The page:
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The Major General pens a warm letter to friend Figueredo informing him about the health of some revolutionaries including himself, grants him with authorizations and requests and lets him know that he and his people wish to see him soon. The Secretary also writes favoring him with supplies.

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Condition: Fine condition
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The Major General pens a warm letter to friend Figueredo informing him about the health of some revolutionaries including himself, grants him with authorizations and requests and lets him know that he and his people wish to see him soon. The Secretary also writes favoring him with supplies.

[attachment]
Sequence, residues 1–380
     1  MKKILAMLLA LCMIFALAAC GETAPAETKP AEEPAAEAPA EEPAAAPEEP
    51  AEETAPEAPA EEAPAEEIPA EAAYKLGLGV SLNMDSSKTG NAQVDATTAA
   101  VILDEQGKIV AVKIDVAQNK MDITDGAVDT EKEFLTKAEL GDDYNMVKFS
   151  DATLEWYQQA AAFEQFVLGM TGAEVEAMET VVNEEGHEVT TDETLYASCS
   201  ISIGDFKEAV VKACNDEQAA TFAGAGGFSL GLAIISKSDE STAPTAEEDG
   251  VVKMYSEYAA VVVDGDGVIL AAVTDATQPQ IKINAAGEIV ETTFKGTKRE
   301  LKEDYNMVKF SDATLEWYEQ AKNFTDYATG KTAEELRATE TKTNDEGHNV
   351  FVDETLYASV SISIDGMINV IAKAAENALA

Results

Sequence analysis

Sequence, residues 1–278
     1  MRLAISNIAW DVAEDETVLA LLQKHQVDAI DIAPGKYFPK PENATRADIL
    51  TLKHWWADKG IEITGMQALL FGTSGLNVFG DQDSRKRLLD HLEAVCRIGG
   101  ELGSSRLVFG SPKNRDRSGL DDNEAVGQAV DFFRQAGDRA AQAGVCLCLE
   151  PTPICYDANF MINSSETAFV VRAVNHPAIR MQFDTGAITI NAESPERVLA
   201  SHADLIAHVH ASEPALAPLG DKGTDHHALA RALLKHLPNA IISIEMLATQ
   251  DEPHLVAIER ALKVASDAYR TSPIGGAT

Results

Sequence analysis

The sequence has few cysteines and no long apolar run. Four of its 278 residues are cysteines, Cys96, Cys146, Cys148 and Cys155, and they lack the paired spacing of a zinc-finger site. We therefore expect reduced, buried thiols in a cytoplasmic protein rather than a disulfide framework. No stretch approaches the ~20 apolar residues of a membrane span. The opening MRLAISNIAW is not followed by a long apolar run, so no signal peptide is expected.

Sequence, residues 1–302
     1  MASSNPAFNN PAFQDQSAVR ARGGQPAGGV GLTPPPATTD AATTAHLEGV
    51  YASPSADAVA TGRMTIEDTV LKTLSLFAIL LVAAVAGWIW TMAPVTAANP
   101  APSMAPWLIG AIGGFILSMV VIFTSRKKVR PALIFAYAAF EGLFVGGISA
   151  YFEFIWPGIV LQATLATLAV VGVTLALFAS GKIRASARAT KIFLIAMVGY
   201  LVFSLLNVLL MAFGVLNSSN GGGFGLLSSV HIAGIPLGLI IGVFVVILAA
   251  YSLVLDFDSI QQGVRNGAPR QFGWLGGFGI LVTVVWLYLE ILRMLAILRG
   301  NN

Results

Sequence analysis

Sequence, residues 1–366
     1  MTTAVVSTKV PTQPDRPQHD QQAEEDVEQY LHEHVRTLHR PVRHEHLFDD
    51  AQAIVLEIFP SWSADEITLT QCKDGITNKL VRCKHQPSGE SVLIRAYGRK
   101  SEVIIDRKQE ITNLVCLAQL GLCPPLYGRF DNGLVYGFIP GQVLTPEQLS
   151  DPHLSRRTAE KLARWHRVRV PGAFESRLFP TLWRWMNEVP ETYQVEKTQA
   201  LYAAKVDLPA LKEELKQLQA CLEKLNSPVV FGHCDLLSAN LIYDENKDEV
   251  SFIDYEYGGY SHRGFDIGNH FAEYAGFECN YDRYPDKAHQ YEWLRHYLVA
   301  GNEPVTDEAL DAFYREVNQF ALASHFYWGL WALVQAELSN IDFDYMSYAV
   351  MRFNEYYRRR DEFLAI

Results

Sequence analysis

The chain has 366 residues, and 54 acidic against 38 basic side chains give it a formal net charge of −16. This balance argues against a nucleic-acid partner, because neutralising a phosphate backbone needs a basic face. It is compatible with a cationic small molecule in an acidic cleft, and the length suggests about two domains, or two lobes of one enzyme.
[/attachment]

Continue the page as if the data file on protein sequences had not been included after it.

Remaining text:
Autograph Letter Signed: "Maximo" and "V. Rojas" in iron gall ink. 8¼x11¼. 4 pages. Fully Translated in English: "Las Cabezas, June 6, 1890. C. Felix Figueredo. Dear friend. Fulgencio returned with your letters that have filled me with happiness and sadness, sadness because of your situation. But do not worry, you situation will change soon and fortunate days will come. Cheer up, in this world we all are exposed to suffering but the greatest Glory for a man is to triumph from the misfortune, staying firm as a rock against the strikes of bad luck. I am your friend and regardless I am weak and out of shape I would do for you as much as I can and should do to demand justice due to the sympathies that link us since that fellowship that we started in the first days of the revolution childhood. I will happily give you the certification you are asking me for and for being more convenient for you, I give you the freedom to write it yourself and send me the draft, that here I will make the final draft done which I will sign it and send it back to you. I am sad you are leaving to the center and don't get to see each other. However I'll do anything possible even if that implies to dedicate four or five days to go to the place you are because it is not possible for you to come. That is a fatality my friend, and if you could have come with Fulgencio, you would have been a consolation angel. Calixto was wounded on his left forearm during a shooting we had with the soldiers the last day in Cruz Alta on the skirts of the town. He received a bullet which stayed inside his arm but it was close to coming out, because it reached the other side and even rip the skin on the back of the arm, if only you had been there you would have taken it out at the proper time or right away, but imagine me by myself and even without curious people around to help me. I had to take care of him until the day before yesterday when I sent him to Charco Redondo. There, the intrepid and good person Commander Duran extracted the bullet. He is doing fine and the wound is starting to heal and even his bone has been sutured it seems no serious, because he does not feel much pain and the inflammation is not very bad. Ah, if you could only be here! My soul would be so happy, so you could cure him and see the wound and perhaps with your recommendations he could heal more quickly. I gave the note of your requirements to Fulgencio along with authorization to provide with anything we can and since he has to go back for those places he will bring it to you. I would like to write you more but I cannot do it now because I have a pile of work up to my eyes and I don't feel well because I have indigestion every three days and even it is not like fever, I do get really sick, and today is one of those days. With Calixto down I don't have enough free time because now I have to supervise everything myself and almost without even been able to jump off my horse and also I have had to withdraw myself from Pepe, so he can take care of himself, so the two men assigned to assist me can't longer do it. All my assistants say hello to you, especially Pepe and all of them want to bring you here because they say they want to feed you , you can count on the sympathies of all my people. Calixto tells you many things, he regrets he cannot write you but in spite of his status he is very proud of his wound. Good bye, your friend Maximo. Friend Figueredo: the General has ordered me to give to you some scrutiny effects and I gladly do it only with a fountain pen, some paper and some steel pens: I am not sending you ink because we make it here by battering the cotton leafs and rubbing them against a cauldron until it is loose enough, then we squeeze it and if not much ink comes out we mix it with some water and it is magnificent. I am sorry I do not have plenty of things to send you but we are short in supplies. With no other particular and wishing you keep yourself well, I put my services under your orders, a friend who wants to see you. The secretary, Vicente Rojas." Dominican Major General Maximo Gomez (1836-1905) was initially trained as an officer of the Spanish Army at the Zaragoza Military Academy, originally arriving in Cuba as a cavalry Captain in the Spanish Army before taking up the rebel cause in 1968. Gomez famously helped transform the Cuban Army's military tactics and strategy, teaching the guerrilla independence fighters, the Mambises, their most feared tactic: the "Machete Charge". Gomez worked odd military jobs for the next couple decades: he became involved with the independence of Puerto Rico when he sold most of his possessions to finance a revolution, even volunteering to lead troops (later deemed unnecessary when Spain intervened), as well as was promoted to General of the Cuban army, improving the military's guerrilla tactics most effective against the traditional Spanish forces. The Spanish-American War, the result of the United States interfering in the Cuban War of Independence, forced Cuba to decide if they should choose heritage over their New World partners (Spain vs. U.S.), Dios decided to fight solely for his adopted country's independence; he lost his most trusted officer Antonio Maceo, and his son Francisco Gomez in the war in 1896, but by 1898 Cuba had obtained independence and Gomez was offered the presidential nomination, but he refused due to his Dominican heritage. By that time his was 75 years old, having spent half his life dedicated to the liberation of Cuba, and he died in Havana in 1905. Vicente Rojas merits further research. Toned. Normal mailing folds. Small tears along edges. Ink slightly faded. Stain throughout. Worn and Soiled. Otherwise, fine condition